so, even if the rim didn't need any build up material, we still need sealing tape, a valve stem, and at least a couple scoops of sealant.

    I would want any rim that I was working on to be tubeless ready. I hate the way most bicycle tires, especially fat tires fit the rims. I would rather have to struggle to get the tire over the rim with levers, than have it fall on, and have to struggle to get it centered, and still have issues with it having a loose seat on the bead.

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    Keep me posted!!

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    Quote Originally Posted by autodoctor911 View Post
    I don't think the stan's yellow fat rim tape has a valve stem does it?

    so, even if the rim didn't need any build up material, we still need sealing tape, a valve stem, and at least a couple scoops of sealant.

    I would want any rim that I was working on to be tubeless ready. I hate the way most bicycle tires, especially fat tires fit the rims. I would rather have to struggle to get the tire over the rim with levers, than have it fall on, and have to struggle to get it centered, and still have issues with it having a loose seat on the bead.
    You don't need a valve stem to go tubeless, hopes and dreams will make it air tight
    Add 4g for a valve stem

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    Quote Originally Posted by GTR2ebike View Post
    You don't need a valve stem to go tubeless, hopes and dreams will make it air tight
    Add 4g for a valve stem
    Ok, thanks, I agree with you. A properly designed rim and tire combo would do very well with 50-100g of sealant, a 4g(not verified by me yet) valve stem and about 20g of tape at most. with no holes, the tape can be thinner, as long as no sharp edges are forced against it.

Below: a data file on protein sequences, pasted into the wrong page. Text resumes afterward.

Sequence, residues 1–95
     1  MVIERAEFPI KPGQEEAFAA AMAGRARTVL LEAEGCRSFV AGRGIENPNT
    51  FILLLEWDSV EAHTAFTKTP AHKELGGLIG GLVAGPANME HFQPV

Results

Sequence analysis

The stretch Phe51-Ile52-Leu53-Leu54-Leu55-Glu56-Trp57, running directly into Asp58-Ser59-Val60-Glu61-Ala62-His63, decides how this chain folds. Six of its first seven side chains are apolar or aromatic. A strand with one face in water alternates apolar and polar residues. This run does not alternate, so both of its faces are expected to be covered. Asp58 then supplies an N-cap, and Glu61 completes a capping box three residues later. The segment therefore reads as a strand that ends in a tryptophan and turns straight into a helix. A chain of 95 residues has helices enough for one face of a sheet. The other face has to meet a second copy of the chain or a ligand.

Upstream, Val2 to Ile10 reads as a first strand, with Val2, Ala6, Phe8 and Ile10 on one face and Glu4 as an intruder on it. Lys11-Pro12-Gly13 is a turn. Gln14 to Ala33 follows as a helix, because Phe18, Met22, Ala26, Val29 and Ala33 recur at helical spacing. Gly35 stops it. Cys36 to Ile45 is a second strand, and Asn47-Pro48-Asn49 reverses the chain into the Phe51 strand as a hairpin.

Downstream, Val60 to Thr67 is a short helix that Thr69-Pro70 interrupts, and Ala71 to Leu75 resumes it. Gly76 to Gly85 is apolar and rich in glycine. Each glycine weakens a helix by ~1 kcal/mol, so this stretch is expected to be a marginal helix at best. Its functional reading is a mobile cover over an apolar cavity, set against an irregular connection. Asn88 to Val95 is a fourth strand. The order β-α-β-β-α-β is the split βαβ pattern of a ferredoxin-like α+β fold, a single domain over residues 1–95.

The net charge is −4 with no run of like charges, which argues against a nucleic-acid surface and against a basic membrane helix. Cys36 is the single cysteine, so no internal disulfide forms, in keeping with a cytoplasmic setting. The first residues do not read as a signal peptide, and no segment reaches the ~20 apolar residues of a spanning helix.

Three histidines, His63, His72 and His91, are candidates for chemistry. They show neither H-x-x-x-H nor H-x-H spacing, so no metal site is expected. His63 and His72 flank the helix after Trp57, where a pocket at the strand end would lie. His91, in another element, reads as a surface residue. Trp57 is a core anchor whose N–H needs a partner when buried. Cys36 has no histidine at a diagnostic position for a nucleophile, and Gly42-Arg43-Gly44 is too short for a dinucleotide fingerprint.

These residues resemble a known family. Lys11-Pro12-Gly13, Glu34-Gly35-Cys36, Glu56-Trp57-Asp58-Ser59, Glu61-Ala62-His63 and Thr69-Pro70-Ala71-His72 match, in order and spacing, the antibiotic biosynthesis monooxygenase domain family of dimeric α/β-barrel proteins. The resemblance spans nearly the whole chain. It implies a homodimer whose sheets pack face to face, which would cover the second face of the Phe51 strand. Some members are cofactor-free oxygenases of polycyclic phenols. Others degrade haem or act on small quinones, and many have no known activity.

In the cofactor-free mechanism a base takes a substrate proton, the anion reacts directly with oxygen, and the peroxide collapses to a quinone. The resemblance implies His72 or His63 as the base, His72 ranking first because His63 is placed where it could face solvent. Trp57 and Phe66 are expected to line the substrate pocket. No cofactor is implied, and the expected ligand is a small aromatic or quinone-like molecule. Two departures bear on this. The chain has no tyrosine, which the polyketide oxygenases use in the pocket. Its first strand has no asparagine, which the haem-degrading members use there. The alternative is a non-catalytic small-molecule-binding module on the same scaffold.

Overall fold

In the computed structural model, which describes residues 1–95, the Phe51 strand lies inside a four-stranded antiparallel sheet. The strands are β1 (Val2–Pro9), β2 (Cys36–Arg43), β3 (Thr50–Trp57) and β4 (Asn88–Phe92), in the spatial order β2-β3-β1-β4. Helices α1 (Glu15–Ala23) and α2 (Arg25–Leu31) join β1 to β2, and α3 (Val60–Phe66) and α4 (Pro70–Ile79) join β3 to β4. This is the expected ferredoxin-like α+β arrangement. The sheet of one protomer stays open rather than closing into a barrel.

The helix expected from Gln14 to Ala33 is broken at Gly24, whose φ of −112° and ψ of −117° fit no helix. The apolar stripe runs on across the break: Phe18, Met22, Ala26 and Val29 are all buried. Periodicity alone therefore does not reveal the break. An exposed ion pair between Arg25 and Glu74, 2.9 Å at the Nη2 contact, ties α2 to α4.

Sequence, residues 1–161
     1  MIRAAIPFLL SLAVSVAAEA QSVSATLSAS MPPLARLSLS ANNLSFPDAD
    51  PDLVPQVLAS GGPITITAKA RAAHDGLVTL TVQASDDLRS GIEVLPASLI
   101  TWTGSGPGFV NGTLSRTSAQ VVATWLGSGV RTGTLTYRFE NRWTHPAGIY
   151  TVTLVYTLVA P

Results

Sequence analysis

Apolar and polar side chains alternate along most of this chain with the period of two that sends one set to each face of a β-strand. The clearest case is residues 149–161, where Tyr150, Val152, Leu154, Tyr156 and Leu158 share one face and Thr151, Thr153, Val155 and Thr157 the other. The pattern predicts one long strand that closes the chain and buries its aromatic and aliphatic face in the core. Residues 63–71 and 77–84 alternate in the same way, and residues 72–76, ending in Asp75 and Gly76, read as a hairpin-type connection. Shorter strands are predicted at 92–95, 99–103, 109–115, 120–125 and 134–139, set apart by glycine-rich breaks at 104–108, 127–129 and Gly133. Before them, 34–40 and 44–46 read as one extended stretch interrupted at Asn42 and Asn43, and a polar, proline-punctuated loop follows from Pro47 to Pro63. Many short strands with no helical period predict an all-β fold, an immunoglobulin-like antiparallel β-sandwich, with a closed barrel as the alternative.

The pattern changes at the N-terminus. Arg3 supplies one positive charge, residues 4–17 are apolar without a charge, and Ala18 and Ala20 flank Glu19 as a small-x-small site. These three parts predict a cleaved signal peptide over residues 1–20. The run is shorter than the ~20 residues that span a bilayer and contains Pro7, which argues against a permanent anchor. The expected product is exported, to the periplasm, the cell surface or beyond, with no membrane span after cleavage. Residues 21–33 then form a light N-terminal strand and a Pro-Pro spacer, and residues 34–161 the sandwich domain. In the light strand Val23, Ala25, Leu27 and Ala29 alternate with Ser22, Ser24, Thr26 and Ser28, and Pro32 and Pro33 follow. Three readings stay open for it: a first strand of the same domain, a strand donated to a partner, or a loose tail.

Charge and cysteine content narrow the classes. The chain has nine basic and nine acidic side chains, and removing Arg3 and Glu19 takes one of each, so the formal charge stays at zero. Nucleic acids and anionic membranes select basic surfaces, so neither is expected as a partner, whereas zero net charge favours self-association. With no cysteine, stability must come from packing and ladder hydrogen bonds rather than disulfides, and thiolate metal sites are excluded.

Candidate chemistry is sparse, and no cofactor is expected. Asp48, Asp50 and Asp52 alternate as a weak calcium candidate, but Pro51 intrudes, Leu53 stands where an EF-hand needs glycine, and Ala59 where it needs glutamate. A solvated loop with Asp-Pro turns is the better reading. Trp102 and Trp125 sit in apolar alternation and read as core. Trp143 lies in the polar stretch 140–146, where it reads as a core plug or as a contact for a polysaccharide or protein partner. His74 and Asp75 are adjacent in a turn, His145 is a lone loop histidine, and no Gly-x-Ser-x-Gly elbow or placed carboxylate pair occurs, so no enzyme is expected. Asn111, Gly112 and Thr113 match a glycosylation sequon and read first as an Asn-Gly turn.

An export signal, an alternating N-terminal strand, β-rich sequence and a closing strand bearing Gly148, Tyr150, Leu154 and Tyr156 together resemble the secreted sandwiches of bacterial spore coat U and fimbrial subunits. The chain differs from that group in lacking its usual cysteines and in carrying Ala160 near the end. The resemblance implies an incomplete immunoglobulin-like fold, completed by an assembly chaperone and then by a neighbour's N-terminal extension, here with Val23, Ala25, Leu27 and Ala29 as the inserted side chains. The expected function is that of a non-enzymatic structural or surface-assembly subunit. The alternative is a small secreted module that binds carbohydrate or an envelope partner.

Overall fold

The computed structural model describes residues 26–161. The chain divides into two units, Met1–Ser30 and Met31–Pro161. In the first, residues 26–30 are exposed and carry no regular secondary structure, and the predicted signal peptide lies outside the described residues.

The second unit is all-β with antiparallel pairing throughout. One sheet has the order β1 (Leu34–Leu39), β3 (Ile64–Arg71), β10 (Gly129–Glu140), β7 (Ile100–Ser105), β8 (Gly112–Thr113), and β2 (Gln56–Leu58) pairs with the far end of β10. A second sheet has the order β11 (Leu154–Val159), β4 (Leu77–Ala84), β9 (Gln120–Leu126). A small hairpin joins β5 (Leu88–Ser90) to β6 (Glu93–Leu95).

Question to E6roller:

    have you stayed away from double wall designs due to manufacturing difficulties, or because the single wall will work just as well in fat applications?

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    I want a 29" 50mm wide rim please!

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    another question to E6roller:

    You say how you can vary the thickness, or layers to put material where you need it. Have you been able to make a thicker backbone type frame that encompasses the spoke holes and outer vertical elements, while leaving the rest thinner?

    Or, Have you just varied the thickness across the width of the rim, like an aluminum rim already can do?

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    Posts
    154
    Autodoctor91. It is single wall and works.

    There are probably 15 ways to skin a cat. 5 of the 15 ways to skin the cat may be acceptable. Of those 5 ways, 2 ways may be really good. The important thing is that the cat is skinned.

    Mr. WishIWereRiding, I want one of those too!

    GTR2ebike, thanks for your clarification.

    Have a nice weekend all!